• Plano has the most lucrative and pricey rents of the biggest cities in the Dallas Metro, with a 2-bedroom average of $1513. 
  • Rents decreased in Plano for about 0.3% over the past month and 1.7% over the past year. Plano has the biggest units in the nation which is an added factor, so to speak.
  • Fort Worth has the least expensive rents in the metro, with a 2-bedroom average of $1125. However, rents decreased by 0.2% over the past month and 0.8% over the past year.
  • The average rent for a 2-bedroom apartment in several cities in North Texas as well as the Yoy percentage rent change is listed below:

 

Increase in Rent Decrease in Rent
Mc Kinney $1360 and up -2% Plano, $1510 and down by 1.7%
Mesquite $1260 and up -3% Carrollton $1340 and down by 2%
Grand Prairie $1215 and up by -3% Irving $1310 and down by -2%
Arlington $1240 and up by 6.2% Dallas, $1180 down by 2.6%
Garland $1220 and up by -1% Fort Worth @1120 and down by 0.8%

Renters vs. Homeowners

  • Based on new analysis by apartment search website RENTCafe’ in the DFW community, twelve (12) of the fourteen (14) cities with more than 100,000 residents had their share of renters increase in the last decade, with Plano and Frisco leading all over the nation.
  • Homeowners recorded significant gains in just a city, Mesquite.
  • Four of the top ten (10) cities with huge leaps in renter share are in Texas, and three of the four are located in North Texas.
  • Frisco is the only city in the United States that more than doubled its renter growth population, pegged at 58,000 last yr. The share of renters in this city significantly increased by 59% in 10 years.
  • Plano has the same growth, with the total growth percentage of renters pegged at 41% over the last decade. On the contrary, the share of homeowners decreased by 16%, the most significant drop among the cities in the DFW area.
  • One reason for the increasing number of lessees in fast-growing communities like DFW is a shortage of affordable housing, as stated by David Howard, executive director of the National Rental Home Council.
  • “People are growing more and more comfortable with a concept of renting a home for an array of reasons.” Howard said in an interview with the Dallas Business Journal. “What really comes down to is there is a supply issue in this country when it comes to housing”.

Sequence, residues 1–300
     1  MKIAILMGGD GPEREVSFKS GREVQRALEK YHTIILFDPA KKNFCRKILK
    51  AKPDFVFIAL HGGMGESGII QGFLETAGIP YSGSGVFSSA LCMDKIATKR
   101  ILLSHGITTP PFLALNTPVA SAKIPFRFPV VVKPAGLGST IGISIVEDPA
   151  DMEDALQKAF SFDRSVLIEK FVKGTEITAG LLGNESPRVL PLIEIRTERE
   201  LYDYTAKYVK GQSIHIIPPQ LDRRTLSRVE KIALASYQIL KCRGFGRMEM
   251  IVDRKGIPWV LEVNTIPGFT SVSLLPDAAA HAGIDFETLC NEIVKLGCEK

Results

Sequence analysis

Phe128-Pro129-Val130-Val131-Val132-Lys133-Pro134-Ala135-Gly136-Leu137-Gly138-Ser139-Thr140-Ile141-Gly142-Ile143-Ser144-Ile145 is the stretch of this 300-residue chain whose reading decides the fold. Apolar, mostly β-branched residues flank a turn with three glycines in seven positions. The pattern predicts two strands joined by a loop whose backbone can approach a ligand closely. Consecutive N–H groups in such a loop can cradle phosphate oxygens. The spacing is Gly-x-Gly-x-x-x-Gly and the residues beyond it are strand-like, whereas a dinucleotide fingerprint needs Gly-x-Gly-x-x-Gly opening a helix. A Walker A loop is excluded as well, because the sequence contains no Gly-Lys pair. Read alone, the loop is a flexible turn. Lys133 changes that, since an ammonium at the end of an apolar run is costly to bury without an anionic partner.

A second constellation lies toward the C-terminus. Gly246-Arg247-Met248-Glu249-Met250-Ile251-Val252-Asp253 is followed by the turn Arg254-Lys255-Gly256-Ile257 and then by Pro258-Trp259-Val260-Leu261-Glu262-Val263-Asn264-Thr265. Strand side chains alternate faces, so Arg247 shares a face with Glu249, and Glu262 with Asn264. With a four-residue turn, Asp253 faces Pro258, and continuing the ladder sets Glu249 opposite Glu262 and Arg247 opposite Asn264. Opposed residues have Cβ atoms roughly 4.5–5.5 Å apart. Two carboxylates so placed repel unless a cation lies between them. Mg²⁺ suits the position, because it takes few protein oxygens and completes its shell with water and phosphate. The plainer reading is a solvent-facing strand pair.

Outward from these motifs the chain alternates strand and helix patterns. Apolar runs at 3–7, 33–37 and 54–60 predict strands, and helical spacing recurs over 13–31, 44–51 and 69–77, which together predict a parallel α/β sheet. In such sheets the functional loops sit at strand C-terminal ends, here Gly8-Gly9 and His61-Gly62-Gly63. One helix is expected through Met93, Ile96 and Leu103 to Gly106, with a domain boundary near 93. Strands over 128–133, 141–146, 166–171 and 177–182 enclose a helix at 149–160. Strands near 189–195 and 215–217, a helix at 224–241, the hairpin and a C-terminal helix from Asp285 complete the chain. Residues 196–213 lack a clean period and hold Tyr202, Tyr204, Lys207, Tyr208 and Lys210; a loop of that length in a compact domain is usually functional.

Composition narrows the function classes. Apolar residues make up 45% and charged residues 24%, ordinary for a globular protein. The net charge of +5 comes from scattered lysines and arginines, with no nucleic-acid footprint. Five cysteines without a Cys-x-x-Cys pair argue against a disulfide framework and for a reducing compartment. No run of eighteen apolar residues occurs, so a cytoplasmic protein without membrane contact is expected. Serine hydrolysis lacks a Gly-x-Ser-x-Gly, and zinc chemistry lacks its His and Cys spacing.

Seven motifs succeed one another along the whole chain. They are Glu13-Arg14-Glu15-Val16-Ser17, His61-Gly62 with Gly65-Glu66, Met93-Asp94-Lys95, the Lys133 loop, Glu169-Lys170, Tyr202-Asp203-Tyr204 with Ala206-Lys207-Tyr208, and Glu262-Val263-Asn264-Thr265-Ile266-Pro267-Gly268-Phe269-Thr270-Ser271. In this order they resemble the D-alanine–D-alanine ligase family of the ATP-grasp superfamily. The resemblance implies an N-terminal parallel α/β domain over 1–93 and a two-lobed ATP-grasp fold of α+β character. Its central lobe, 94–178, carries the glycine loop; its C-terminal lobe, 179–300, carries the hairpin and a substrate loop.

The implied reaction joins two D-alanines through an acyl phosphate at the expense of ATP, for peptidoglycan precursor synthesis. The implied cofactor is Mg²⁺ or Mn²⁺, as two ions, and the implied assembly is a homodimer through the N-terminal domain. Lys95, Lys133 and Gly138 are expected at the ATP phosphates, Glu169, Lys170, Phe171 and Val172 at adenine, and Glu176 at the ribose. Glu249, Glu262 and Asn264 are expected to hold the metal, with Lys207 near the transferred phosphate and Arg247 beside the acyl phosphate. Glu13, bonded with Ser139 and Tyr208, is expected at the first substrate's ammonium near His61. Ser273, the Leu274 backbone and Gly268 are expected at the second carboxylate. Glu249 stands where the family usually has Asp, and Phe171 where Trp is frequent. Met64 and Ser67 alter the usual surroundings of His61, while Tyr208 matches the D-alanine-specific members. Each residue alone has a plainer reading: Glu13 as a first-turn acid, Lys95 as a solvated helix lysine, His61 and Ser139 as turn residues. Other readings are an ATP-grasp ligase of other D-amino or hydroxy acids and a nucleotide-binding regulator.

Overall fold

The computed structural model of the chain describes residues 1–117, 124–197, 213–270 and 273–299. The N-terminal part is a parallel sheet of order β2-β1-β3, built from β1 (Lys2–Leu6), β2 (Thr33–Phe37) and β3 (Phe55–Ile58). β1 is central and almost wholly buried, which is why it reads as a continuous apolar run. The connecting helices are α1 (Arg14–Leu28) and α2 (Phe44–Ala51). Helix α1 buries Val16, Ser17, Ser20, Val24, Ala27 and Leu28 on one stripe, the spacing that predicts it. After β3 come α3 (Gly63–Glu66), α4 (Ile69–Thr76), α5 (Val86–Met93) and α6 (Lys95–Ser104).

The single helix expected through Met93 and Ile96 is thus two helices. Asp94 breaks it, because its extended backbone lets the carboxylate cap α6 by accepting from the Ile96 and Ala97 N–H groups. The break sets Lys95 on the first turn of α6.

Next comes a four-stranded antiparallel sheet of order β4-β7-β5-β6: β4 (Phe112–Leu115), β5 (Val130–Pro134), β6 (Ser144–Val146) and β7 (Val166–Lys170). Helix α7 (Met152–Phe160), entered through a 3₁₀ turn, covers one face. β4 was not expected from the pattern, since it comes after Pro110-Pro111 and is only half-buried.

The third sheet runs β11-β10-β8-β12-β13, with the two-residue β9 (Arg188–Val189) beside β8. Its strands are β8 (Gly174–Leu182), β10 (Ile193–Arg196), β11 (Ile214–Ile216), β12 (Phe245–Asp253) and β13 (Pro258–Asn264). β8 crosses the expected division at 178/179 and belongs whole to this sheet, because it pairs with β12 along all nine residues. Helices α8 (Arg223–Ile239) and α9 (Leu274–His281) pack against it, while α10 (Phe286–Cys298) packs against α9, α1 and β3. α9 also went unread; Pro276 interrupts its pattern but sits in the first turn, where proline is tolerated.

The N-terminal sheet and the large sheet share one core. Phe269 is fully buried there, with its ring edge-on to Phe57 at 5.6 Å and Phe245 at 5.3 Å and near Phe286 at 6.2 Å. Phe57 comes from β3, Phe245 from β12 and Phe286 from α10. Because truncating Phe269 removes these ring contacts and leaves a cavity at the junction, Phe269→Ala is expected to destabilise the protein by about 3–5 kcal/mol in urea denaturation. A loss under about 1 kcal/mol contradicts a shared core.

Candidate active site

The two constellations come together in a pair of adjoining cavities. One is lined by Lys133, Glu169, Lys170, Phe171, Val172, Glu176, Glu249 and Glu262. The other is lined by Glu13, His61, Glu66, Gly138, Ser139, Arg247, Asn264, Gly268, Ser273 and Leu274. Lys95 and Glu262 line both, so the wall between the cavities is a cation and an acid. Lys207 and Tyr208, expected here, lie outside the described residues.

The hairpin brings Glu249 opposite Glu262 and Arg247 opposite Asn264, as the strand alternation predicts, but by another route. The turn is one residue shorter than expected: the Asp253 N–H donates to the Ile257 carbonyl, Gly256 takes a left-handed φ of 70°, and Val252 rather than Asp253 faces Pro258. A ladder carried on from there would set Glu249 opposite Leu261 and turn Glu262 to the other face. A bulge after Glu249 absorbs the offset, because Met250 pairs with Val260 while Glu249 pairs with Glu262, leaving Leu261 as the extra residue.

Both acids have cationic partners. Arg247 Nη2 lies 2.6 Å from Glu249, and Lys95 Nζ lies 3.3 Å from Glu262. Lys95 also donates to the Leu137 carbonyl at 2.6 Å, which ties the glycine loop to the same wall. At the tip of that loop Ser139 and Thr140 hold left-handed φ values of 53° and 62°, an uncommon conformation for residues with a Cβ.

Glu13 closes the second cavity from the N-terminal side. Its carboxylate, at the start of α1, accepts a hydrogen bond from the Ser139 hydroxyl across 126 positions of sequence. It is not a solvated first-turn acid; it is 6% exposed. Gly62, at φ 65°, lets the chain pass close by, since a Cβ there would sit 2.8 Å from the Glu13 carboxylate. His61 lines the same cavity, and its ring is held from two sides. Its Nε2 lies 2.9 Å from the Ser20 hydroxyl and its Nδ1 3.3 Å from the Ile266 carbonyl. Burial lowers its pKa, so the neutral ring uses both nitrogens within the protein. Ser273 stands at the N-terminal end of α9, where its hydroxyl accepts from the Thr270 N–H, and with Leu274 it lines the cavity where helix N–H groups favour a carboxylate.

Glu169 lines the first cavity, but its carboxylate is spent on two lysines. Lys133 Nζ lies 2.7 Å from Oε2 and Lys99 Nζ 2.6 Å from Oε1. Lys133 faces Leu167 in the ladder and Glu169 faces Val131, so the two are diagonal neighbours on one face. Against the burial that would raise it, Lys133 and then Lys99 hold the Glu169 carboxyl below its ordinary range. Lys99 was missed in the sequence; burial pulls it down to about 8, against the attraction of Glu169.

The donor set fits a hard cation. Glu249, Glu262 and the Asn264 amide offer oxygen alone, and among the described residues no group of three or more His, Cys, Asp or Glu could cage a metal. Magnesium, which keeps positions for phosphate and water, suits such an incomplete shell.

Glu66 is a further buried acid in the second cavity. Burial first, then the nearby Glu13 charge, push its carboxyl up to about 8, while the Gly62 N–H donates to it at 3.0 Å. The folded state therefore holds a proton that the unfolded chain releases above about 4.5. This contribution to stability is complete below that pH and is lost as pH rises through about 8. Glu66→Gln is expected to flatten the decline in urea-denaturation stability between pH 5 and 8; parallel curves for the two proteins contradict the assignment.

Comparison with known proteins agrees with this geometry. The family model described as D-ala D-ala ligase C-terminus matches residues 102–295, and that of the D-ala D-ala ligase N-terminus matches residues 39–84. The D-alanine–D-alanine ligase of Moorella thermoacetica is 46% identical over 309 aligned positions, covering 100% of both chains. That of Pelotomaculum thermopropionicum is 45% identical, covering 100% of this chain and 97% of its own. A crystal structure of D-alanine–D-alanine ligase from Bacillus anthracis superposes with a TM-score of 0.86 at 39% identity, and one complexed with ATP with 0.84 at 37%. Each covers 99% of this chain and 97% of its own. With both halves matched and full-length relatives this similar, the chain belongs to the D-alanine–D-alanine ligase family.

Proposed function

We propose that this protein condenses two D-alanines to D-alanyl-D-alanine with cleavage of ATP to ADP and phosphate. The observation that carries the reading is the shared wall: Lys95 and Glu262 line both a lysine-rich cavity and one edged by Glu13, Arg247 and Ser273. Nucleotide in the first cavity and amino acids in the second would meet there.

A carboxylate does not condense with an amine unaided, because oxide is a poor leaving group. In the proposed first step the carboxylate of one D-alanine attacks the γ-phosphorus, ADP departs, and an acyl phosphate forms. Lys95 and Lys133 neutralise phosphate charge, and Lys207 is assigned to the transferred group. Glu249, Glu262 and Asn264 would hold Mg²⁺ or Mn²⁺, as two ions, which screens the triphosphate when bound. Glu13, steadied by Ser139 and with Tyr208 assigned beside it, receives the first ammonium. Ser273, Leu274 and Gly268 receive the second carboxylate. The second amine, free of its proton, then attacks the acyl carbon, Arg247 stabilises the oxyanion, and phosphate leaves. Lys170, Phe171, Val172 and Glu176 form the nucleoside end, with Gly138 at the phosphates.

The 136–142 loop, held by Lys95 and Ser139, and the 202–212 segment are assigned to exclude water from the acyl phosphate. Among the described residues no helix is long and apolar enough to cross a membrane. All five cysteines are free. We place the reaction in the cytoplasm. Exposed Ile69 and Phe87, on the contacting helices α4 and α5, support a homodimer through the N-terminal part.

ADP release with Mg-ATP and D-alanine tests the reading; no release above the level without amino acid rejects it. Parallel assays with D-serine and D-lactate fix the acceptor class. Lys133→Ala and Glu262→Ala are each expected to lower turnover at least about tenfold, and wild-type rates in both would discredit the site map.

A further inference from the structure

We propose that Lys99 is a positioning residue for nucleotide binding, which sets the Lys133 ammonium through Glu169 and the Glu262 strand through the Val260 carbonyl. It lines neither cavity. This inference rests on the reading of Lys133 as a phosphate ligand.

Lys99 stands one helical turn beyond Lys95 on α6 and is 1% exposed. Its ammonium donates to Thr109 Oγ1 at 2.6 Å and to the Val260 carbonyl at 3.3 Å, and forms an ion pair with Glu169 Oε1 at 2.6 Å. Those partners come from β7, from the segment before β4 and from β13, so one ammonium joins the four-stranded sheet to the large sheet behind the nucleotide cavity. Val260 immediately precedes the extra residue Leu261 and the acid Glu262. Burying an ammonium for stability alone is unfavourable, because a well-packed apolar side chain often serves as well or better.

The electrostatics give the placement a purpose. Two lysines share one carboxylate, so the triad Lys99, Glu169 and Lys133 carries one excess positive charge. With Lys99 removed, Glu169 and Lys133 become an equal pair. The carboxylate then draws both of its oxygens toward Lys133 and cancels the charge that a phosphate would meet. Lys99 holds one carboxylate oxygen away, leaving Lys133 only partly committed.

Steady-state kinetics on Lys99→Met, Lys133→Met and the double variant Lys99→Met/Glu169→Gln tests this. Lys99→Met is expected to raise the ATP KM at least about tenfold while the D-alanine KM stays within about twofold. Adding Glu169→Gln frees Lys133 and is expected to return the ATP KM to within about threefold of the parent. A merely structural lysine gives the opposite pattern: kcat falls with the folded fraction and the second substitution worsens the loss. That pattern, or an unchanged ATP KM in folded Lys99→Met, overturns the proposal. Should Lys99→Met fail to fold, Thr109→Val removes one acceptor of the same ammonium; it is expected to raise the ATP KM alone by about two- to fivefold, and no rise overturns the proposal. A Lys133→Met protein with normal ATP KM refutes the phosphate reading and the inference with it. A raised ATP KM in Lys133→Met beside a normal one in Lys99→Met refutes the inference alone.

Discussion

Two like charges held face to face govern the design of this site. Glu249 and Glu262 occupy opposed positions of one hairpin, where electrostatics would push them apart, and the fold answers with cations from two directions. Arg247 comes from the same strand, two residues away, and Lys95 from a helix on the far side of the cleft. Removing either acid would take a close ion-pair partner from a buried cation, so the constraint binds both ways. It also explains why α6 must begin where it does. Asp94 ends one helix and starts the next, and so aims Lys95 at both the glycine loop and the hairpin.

• Further, the pandemic is changing the outlook of people on renting vs. owning a home that is according to co-founder and CEO of CONTI Organization, Carlos Vaz, a Dallas -based multifamily property owner-operator. 
  • After the crisis and economic downturn we experienced in 2008, individuals began thinking about renting as an effective option. Maybe they should rent instead of purchasing a house,” Vaz stated in an interview with the Business Journal.
  • “After 2020, people are going to think about renting as a permanent housing solution. They are not even going to think of buying a house anymore. It is a different dynamic”.
  • “A lot of people are now having to tap into their savings,” vaz added. “They have lost their jobs, or their business is not afloat any longer. Or their businesses have incurred a significant amount of debt. That is why a lot of people are going to think twice about buying a house as an investment or even as a residence.”
  • In the analysis of RENTCafe’, in terms of a 10-year growth, renting gained ground across the board in North Texas, except for Mesquite.
  • Renters in Mesquite lost about 10,000 residents, which translates their share by 2%. The percentage of homeowners increased by 12%, the only “up” among the DFW cities. 
  • With 55% of its population renting, Dallas made another step in terms of being a renters’ city. The region’s largest city added far more renters at 101,000 as compared to owners at 45,000 over the last ten (10) years.
  • Besides Dallas, there are three (3) more renter-majority cities in the DFW area, namely Irving, Lewisville, and Denton.

 

What is in store for us?

 

  • The DFW market has remained as one of the most dynamic markets all over the United States
  • While the pandemic has slowed things down, DFW is emerging with renewed strength because the factors driving its growth have not changed. 
  • There is also job growth, population growth, and a business-friendly climate all over DFW.

 

 

Condition of the Market

Construction of apartments in the Dallas Fort Worth is increasing which brings us to raise issues of overbuilding amidst pandemic. We have to thank the jobs market for rebounding immensely. Owners of apartments in DFW are faring better as compared to owners in other parts of the country in the Covid-19 market, based on studies.